Water level near empty at Japan nuclear reactor

Officials fear overheating could cause leak; 22 injured, up to 190 possibly exposed to radiation after explosion at nuclear reactor.

Nuclear plant explosion 311 R (photo credit: REUTERS/NTV via Reuters TV)
Nuclear plant explosion 311 R
(photo credit: REUTERS/NTV via Reuters TV)
Water levels inside a quake-stricken Japanese nuclear reactor were almost empty on Monday night, said the power plant's operator, Tokyo Electric Power Co. TheYomiuri newspaper was reporting that the cooling system at the reactor has stopped, and additional reports said fuel rods were exposed.

News agency Jiji said a meltdown of fuel rods inside the Fukushima Daiichi complex's No.2 reactor could not be ruled out.
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A meltdown raises the risk of damage to the reactor vessel and a possible radioactive leak, experts say.


Earlier, a hydrogen blast at Japan's earthquake-stricken nuclear plant did not damage its primary containment vessel, the UN nuclear agency said.


The International Atomic Energy Agency (IAEA) said it was told by Japanese nuclear authorities the control room of the unit No. 3 reactor at the Fukushima Daiichi nuclear plant remained operational, following Friday's massive earthquake and tsunami.

"The reactor building exploded but the primary containment vessel was not damaged. The control room of unit 3 remains operational," the IAEA said in a statement.
"All personnel at the site are accounted for. Six people have been injured," it said in a statement on its website.
The core container of the No. 3 reactor was intact after the explosion, the government said, but it warned those still in the 20-kilometer (13-mile) evacuation zone to stay indoors.
A Japanese official said before the blast 22 people had been confirmed to have suffered radiation contamination and up to 190 may have been exposed. Workers in protective clothing used hand-held scanners to check people arriving at evacuation centers.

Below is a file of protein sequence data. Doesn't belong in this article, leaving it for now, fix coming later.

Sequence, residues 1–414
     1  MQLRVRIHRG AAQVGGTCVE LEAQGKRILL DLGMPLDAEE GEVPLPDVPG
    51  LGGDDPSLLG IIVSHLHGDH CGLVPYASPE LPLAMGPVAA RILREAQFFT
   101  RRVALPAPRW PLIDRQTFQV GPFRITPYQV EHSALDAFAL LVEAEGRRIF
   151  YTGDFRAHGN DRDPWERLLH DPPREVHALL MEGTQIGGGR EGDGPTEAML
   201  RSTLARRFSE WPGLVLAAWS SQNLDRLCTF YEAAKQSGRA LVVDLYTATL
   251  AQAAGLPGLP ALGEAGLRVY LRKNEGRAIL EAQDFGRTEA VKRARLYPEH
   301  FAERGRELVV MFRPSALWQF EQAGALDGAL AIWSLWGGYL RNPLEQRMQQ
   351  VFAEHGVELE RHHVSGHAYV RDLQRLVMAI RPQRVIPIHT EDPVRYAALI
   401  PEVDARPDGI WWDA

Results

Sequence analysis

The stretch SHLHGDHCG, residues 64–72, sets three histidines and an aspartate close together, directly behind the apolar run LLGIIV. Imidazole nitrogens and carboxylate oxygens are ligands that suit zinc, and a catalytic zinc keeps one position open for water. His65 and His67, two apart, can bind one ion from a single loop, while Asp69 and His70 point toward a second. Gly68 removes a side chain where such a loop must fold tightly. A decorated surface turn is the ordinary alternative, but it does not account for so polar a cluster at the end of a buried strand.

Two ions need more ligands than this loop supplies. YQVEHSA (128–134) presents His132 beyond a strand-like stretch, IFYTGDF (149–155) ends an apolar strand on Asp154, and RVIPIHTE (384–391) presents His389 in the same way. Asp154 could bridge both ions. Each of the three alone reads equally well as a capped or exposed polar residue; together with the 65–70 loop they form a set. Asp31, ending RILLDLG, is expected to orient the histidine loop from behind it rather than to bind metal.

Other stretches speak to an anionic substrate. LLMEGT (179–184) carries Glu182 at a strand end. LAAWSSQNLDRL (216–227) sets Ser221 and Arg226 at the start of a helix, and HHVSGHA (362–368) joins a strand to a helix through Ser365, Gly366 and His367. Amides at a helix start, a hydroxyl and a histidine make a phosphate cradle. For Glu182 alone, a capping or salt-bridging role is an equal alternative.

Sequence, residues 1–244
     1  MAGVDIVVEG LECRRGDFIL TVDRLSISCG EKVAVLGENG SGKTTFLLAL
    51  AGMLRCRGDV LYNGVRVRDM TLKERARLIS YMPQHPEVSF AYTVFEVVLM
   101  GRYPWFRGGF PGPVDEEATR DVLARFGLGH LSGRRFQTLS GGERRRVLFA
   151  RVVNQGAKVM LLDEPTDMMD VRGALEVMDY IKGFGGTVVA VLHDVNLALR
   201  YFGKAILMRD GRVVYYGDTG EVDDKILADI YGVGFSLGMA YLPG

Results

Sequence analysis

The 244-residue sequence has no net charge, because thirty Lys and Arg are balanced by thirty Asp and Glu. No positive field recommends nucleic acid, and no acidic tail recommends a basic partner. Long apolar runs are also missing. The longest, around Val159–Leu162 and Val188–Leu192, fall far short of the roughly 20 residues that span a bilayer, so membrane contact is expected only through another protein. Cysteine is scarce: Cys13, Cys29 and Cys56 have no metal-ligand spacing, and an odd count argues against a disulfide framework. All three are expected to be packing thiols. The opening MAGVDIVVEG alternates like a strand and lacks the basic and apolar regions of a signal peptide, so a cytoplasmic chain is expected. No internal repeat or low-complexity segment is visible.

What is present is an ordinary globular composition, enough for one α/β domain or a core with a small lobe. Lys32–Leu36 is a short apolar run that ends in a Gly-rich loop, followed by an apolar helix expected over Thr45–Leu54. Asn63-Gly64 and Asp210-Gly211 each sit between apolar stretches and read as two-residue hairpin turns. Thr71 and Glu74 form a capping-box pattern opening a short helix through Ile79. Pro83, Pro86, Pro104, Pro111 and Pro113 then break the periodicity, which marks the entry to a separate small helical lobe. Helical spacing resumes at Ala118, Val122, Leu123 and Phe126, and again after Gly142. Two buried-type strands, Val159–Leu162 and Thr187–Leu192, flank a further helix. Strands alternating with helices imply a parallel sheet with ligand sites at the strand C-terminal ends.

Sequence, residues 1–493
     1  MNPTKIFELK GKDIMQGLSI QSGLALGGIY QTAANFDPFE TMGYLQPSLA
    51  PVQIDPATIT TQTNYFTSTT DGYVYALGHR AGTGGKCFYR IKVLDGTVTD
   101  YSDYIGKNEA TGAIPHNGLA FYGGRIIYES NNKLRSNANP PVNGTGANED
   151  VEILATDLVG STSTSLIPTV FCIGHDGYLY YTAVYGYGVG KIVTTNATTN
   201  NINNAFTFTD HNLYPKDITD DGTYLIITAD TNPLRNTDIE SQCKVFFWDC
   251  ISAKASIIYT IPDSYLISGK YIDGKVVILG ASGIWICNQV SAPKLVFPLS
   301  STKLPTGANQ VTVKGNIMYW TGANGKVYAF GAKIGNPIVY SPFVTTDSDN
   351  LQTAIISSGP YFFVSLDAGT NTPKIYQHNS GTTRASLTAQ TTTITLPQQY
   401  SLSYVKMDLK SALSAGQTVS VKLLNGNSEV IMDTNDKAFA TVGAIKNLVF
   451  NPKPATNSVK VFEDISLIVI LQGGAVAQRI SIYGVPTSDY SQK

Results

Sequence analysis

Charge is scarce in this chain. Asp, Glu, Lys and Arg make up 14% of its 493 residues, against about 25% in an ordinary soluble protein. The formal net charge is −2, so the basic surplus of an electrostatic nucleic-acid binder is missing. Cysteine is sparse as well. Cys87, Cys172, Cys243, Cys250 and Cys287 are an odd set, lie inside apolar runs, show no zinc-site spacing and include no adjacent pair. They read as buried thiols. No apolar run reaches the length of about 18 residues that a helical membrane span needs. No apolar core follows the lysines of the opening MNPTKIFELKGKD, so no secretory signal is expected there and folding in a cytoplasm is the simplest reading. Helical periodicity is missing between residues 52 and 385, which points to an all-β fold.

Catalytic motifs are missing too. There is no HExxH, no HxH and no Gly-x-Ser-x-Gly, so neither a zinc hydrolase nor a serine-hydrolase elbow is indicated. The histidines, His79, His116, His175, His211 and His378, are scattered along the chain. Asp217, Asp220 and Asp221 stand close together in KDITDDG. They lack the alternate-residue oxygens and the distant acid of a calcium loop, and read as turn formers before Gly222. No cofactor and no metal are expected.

US warships and planes helping with relief efforts moved away from the coast temporarily because of low-level radiation. The US Seventh Fleet described the move as precautionary.

US government officials told the NY Times that sailors and other military personnel on-board were exposed to a month's worth of radiation in an hour's time. They added that US helicopters flying humanitarian missions some 60 miles north of damaged Japanese reactors were coated with particulate radiation. The aircraft were washed off.


The government had warned of a possible explosion at the No. 3 reactor because of the buildup of hydrogen in the building housing the reactor. TV images showed smoke rising from the Fukushima facility, 240 km (150 miles) north of Tokyo.
An explosion blew the roof off the No. 1 reactor building on Saturday.
Officials confirmed on Sunday that three nuclear reactors north of Tokyo were at risk of overheating, raising fears of an uncontrolled radiation leak.
Engineers worked desperately to cool the fuel rods. If they fail, the containers that house the core could melt, or even explode, releasing radioactive material into the atmosphere.